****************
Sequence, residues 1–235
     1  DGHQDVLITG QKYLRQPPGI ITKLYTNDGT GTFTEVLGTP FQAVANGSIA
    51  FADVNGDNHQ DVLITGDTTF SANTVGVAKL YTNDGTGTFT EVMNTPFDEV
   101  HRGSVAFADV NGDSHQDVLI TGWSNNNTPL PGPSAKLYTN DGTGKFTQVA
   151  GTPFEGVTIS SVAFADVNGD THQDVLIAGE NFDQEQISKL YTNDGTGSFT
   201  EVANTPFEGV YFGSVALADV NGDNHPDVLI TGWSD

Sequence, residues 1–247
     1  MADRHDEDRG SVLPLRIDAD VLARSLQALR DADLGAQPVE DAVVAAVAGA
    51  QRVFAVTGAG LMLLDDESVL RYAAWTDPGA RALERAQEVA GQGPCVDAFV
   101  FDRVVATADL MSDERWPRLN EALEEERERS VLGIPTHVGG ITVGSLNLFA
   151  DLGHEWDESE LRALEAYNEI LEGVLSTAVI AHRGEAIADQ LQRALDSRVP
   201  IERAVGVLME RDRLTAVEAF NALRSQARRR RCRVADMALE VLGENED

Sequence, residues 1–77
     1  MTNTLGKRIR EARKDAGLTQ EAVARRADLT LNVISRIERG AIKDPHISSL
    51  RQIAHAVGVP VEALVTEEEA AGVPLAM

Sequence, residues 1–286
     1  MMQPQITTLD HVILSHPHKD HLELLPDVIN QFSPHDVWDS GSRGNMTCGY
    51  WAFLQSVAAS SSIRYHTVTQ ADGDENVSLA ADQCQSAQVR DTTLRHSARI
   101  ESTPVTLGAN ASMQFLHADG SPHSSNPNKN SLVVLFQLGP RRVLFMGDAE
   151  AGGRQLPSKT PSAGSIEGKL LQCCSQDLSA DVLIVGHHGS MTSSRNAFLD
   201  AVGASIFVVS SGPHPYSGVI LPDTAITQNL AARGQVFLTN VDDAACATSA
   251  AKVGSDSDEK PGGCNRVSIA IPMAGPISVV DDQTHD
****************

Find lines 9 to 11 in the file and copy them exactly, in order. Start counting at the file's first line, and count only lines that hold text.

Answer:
    51  QRVFAVTGAG LMLLDDESVL RYAAWTDPGA RALERAQEVA GQGPCVDAFV
   101  FDRVVATADL MSDERWPRLN EALEEERERS VLGIPTHVGG ITVGSLNLFA
   151  DLGHEWDESE LRALEAYNEI LEGVLSTAVI AHRGEAIADQ LQRALDSRVP